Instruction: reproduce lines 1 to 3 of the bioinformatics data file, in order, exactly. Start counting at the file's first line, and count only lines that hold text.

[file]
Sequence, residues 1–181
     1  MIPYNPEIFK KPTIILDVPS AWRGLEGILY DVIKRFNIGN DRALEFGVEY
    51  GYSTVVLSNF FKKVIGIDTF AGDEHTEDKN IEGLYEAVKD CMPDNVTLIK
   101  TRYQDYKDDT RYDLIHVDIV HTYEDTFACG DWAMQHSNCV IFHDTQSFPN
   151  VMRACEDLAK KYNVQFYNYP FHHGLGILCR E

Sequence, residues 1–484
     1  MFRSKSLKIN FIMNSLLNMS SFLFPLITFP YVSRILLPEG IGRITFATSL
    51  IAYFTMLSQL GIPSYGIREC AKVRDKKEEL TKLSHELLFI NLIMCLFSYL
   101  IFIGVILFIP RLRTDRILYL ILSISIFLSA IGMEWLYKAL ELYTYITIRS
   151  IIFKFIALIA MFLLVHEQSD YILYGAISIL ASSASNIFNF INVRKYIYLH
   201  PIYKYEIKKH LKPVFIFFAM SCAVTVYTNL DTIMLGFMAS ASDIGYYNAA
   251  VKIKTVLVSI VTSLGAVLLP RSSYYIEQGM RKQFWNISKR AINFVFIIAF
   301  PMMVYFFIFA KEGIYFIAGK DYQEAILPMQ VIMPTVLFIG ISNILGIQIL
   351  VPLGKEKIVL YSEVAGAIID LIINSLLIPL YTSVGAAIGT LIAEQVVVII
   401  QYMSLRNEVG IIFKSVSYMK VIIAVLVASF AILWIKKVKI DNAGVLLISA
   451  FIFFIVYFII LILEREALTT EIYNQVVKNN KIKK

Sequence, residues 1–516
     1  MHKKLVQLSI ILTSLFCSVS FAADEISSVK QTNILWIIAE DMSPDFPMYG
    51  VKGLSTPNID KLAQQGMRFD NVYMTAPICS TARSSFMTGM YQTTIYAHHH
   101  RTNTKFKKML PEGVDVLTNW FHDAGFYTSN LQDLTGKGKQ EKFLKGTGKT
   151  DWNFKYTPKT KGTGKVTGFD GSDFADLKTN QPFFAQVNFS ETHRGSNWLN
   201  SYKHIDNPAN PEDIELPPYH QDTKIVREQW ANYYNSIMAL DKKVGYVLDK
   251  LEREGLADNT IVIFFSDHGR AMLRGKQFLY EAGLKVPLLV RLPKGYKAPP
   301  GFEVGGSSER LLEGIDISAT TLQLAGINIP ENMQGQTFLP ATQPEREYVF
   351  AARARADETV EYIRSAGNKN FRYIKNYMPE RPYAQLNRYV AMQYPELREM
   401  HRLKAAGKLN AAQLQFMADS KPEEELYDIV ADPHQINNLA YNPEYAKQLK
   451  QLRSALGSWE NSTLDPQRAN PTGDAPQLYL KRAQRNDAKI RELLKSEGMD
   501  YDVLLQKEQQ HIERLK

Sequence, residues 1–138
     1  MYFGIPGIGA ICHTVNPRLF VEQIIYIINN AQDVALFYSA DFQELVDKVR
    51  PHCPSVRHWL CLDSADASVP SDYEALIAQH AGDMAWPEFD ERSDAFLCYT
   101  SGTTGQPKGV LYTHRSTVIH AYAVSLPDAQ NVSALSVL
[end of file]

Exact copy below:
Sequence, residues 1–181
     1  MIPYNPEIFK KPTIILDVPS AWRGLEGILY DVIKRFNIGN DRALEFGVEY
    51  GYSTVVLSNF FKKVIGIDTF AGDEHTEDKN IEGLYEAVKD CMPDNVTLIK